My hope is that everyone will respect the physical distancing rules so that parks will at least remain open to walk through. We will see what happens over the next several weeks.

Stay safe, everyone!

10 Meditative Virtual Nature Walks You Should Take

A paved road through a park. The sides of the road are lined by tall trees and other greenery.Lately, I’ve been feeling the effects of cabin fever. This is typically the time of year when I’d begin spending much longer periods of time outdoors each day now that the weather is warming up.

Due to the Covid-19 pandemic, many of the outdoor places I’d normally be visiting now are closed. Torontonians have also been asked to only use public transit for necessary trips like going to work, buying groceries, or seeking medical care.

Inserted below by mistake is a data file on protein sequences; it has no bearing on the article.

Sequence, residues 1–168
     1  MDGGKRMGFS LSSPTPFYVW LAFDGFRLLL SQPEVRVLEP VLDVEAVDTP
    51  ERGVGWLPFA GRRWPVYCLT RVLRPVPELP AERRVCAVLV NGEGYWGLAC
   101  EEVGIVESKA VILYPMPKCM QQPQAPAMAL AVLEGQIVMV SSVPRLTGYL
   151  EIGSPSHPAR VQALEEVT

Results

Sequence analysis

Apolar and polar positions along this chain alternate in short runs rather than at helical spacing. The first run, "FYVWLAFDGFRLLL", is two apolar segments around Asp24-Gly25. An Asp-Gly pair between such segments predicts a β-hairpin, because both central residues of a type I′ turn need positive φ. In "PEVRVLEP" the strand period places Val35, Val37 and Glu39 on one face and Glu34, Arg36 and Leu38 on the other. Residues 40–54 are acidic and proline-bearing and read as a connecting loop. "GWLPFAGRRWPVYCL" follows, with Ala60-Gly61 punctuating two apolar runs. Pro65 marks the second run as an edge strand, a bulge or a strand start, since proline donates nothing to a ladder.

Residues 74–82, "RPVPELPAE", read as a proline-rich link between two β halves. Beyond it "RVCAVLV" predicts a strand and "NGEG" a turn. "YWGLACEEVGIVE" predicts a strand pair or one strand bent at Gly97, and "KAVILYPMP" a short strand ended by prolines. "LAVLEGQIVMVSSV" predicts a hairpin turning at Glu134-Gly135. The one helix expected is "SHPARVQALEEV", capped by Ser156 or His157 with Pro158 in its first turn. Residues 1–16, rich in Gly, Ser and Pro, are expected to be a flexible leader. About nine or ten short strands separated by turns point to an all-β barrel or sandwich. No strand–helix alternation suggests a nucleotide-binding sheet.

In addition, all of the amenities in our parks are closed. That is, no one is allowed to use their playgrounds, washrooms, basketball courts, tennis courts, swimming pools, or dog parks. Even the benches are becoming off-limits for most folks!

I’ve been very fortunate so far during this pandemic in many other ways, but I am sure am missing those nature visits right about now. Yesterday was a bit of an antsy day for me which lead to the compilation of this list.

Some of these videos last a few minutes. Others go on for a few hours. Feel free to pick the ones that best suit your time availability and interests. They are roughly arranged from the shortest to the longest walk.

Forest Walk Meditation

There was very little speaking in this video. It’s mostly first-person footage of someone walking through a forest. I especially loved the bird calls in the background. They really made me feel like I was there!

Mountain Stillness